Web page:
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The Takeaway

At a Rural Hospital, Haitians Helping Haitians

Wednesday, March 24, 2010

All week, Takeaway producer Anna Sale is accompanying a medical mission in rural Haiti. At a hospital in Milot, 75 miles north of Port-au-Prince, many of the injured have been transferred from the capital. For the locals, even those without medical skills, it provides an opportunity for them to help. They change bedpans, braid the hair of patients, and offer comfort to those who are far from home and family.

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The Takeaway

Navigating the Bureaucracy in Post-Earthquake Haiti

Tuesday, March 23, 2010

On Monday, Bill Clinton and George W. Bush visited Haiti. All this week, Takeaway producer Anna Sale is also in the country, but at a rural hospital 75 miles away from Port-au-Prince. Today, she reports on the journey of 17-year-old Joseph Maxon, who spent his day navigating through Haiti's bureaucracy in search of a birth certificate.

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The Takeaway

In Milot, Haiti, Faith Stays Strong

Monday, March 22, 2010

Takeaway Producer Anna Sale is in Haiti on a medical mission, and sending reports back to us - her most recent email sent these photos and song. As Anna described them:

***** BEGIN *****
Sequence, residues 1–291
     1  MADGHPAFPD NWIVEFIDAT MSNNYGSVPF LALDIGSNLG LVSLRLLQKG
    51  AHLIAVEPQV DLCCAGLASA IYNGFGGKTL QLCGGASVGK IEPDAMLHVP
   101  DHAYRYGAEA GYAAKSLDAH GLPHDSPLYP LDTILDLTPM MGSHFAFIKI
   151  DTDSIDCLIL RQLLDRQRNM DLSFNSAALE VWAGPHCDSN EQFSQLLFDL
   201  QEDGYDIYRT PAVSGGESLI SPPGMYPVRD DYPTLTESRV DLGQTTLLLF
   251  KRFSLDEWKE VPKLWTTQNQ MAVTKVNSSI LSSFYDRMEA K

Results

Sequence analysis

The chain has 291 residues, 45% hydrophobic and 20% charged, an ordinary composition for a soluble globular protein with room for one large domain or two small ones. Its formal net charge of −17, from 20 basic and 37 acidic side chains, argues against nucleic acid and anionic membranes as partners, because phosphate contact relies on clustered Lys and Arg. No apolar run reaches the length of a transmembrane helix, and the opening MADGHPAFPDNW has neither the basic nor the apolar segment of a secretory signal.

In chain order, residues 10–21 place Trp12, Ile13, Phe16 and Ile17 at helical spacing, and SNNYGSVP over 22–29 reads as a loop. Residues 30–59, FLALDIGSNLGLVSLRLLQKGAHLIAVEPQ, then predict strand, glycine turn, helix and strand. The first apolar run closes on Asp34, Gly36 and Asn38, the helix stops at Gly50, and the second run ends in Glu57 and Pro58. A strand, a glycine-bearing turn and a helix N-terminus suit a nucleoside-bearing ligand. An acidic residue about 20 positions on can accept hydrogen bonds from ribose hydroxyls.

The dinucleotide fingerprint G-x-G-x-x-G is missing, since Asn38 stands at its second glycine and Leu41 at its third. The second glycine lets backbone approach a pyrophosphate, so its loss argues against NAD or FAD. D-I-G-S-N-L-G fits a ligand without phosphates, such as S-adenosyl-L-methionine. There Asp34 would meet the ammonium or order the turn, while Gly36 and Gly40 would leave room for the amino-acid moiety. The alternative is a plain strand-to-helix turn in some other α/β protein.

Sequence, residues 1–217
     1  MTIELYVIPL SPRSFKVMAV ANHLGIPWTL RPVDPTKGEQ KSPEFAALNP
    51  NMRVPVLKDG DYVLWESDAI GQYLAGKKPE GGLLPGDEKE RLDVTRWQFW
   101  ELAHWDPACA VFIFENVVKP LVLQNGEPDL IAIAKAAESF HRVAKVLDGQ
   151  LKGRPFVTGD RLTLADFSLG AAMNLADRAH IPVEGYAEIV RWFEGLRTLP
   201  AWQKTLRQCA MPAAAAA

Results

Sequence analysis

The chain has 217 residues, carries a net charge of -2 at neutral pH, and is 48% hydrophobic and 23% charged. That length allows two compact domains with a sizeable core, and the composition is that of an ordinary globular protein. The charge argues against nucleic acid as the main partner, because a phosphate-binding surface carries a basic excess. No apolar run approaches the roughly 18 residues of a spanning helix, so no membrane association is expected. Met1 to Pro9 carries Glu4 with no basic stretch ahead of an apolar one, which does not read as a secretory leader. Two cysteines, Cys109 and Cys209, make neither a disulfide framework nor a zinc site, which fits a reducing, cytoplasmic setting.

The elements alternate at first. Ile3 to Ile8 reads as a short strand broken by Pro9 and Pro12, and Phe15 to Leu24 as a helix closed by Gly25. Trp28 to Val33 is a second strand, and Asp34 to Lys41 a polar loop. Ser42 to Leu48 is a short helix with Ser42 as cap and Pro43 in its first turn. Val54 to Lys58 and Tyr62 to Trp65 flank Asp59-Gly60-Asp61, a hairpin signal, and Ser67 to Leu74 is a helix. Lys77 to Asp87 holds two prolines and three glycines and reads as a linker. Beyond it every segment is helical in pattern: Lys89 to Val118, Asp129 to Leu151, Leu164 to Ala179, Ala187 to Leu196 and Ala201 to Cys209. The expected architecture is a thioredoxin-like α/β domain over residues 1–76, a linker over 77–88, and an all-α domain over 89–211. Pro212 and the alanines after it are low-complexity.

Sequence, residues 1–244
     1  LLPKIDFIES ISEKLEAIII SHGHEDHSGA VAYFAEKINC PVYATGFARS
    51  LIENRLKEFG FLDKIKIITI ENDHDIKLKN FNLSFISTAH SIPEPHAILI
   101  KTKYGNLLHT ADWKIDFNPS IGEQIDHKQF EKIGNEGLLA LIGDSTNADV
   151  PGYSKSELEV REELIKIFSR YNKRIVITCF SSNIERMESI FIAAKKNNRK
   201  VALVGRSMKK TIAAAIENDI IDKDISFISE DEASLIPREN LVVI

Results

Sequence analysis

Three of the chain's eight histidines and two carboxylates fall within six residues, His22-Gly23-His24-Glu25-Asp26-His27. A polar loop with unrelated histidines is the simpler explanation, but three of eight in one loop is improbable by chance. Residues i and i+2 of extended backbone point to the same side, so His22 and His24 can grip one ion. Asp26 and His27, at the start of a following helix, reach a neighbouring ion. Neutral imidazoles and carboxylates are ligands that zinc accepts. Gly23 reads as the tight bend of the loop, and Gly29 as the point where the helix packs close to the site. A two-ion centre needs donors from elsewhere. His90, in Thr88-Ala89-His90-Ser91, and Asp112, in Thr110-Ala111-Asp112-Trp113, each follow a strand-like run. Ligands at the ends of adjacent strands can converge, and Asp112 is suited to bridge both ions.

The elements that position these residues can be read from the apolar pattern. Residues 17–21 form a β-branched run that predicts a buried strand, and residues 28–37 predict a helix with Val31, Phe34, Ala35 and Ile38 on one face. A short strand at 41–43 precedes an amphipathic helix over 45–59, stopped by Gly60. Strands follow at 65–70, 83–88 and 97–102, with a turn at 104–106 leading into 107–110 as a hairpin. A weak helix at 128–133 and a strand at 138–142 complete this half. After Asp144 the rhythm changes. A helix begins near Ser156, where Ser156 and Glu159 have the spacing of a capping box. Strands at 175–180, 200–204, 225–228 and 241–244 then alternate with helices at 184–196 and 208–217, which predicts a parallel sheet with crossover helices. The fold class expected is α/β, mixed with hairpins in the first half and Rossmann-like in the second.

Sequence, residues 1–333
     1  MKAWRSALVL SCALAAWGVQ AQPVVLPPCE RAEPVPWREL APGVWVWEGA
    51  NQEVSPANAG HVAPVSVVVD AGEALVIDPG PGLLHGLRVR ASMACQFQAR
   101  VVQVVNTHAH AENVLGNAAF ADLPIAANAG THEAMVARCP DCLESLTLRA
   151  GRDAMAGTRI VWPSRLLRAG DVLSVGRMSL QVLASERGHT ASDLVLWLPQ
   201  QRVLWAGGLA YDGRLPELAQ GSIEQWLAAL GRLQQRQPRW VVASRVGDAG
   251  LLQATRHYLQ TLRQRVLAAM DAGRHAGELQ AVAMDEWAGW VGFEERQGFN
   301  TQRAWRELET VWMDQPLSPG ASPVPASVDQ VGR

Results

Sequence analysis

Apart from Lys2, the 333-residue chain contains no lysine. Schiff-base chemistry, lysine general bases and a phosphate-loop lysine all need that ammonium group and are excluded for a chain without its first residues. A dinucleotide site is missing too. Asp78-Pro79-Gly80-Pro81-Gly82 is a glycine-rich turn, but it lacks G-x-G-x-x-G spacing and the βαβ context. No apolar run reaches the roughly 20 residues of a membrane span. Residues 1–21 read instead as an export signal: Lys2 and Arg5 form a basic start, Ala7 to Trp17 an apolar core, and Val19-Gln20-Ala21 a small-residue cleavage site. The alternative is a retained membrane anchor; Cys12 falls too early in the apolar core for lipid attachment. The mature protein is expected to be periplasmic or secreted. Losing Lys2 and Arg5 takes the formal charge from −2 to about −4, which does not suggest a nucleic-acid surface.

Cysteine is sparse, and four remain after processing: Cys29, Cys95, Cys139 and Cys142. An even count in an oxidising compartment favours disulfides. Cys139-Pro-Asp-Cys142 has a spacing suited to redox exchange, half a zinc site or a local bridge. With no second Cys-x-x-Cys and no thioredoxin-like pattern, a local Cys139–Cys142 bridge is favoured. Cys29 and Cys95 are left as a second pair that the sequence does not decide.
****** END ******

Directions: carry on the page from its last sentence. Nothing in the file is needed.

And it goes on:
Pictures and sound from the Catholic church service in Milot. Everyone was dressed to the nines and every bench in the huge, domed church was full.


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The Takeaway

Traveling with a Medical Mission in Haiti

Monday, March 22, 2010

Takeaway producer Anna Sale is accompanying a medical mission in Haiti. At a hospital in Milot, 75 miles north of Port-au-Prince, many of the injured have been transferred from the capital. For some of the patients there, the biggest fear comes at the prospect of leaving.

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      The Takeaway

      Rehabilitation in Rural Haiti: Dreading Discharge

      Sunday, March 21, 2010